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Diversity and Inclusion Panel Discussion – My Takeaways

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Recently, Agent Academy hosted panel discussions on diversity and inclusion in the workplace and early career journeys. The 2-day discussion event was very educational and gave excellent insights into the difficulties that underrepresented groups encounter at the beginning stages of their professional careers. The panellists shared their stories on overcoming imposter syndrome, navigating bias, and considering career paths in industries that can seem very intimidating to a younger person.

Historically, educational institutions typically only provide career advice based on traditional career paths, which may not be suitable for everyone. Fabian Murray, an apprentice solicitor at DLA Piper, took us on his journey to becoming an apprentice. He was encouraged to apply to universities while in college, but he later decided—with the support of his mother—that he would prefer to go down the route of an apprenticeship. This emphasized the value of seeking guidance outside of your academic institution and considering opportunities that are not typically favoured.

The discussion also stressed how crucial it is to network with people with similar experiences and find mentors and allies who can offer you support and guidance. One of the panellists, Ethan Singh, spoke about how he was able to overcome barriers to entry in his industry by attending career fair events, networking, building relationships, and reaching out to people more advanced in their careers while he was still searching for job opportunities. The topic of mentorship came up a number of times, and one of the panellists, Judy Ihenacho, mentioned how beneficial having a mentor has been for her career.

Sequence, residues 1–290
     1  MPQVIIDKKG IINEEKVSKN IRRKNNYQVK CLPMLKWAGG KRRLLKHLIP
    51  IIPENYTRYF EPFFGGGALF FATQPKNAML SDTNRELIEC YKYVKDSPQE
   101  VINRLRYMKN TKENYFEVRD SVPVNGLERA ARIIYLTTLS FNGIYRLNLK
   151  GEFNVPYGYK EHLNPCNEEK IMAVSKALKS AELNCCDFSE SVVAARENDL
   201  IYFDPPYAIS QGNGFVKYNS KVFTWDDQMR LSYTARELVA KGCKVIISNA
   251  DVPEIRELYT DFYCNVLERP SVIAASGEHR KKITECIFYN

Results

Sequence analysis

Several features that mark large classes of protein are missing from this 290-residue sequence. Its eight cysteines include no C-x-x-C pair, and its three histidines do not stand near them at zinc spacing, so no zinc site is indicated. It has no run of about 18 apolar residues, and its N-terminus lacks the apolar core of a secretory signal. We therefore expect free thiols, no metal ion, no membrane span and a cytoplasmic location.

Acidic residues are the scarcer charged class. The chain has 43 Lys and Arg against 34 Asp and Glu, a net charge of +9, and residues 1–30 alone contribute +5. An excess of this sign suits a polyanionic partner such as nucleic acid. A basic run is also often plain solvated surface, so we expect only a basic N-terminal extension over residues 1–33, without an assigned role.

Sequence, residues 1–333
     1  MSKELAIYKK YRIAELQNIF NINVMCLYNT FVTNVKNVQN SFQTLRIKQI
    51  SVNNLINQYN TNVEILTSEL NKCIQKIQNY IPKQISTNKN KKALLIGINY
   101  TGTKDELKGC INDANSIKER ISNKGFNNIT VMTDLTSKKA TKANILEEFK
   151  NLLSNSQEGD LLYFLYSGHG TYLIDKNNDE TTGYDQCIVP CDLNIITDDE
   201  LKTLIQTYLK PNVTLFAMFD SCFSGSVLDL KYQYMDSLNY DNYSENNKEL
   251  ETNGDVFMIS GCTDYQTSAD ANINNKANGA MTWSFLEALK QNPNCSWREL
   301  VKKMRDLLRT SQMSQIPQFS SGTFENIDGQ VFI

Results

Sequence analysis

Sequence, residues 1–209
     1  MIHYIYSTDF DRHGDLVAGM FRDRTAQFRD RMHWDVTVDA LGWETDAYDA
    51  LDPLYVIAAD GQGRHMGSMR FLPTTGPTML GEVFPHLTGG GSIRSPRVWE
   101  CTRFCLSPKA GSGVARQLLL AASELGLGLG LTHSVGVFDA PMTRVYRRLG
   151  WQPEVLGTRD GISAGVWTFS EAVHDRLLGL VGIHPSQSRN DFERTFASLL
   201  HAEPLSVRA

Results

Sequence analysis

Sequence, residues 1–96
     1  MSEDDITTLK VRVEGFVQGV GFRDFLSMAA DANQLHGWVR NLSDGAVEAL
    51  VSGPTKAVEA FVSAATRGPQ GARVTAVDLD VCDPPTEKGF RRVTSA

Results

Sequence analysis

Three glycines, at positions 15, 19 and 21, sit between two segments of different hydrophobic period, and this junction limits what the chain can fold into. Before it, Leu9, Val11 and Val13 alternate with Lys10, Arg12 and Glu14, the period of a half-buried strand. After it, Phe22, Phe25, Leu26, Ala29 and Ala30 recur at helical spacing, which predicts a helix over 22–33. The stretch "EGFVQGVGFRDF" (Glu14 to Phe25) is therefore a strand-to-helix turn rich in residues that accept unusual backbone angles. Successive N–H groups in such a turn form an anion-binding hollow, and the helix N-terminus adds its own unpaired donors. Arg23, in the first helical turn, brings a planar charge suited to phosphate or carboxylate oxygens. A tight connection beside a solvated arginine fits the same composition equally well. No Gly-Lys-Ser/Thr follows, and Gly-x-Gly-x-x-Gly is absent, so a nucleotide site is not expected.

At the beginning of her career, Judy said that being a black woman in the industry felt like a barrier; for Fabian, it was coming from a low socioeconomic background. Ali Usman and Mia Gill struggled with the arduous application process for their graduate schemes, while Ethan struggled with self-doubt during his job application process. It was comforting to learn that these accomplished people have also struggled with issues that so many young people have experienced. One of the most common struggles among the panellists was imposter syndrome because so many young people face it, especially during their early career journeys. Ethan reassured young people that self-doubt is normal and advised us not to be afraid to ask for help.

Overall, the panel discussion was insightful and inspiring all round. Hearing from young, accomplished individuals who overcame their various obstacles and entered their respective industries, was motivating. I was encouraged to keep working towards establishing a fulfilling career, which I look forward to building with the support of Agent Academy.

Bola Meshioye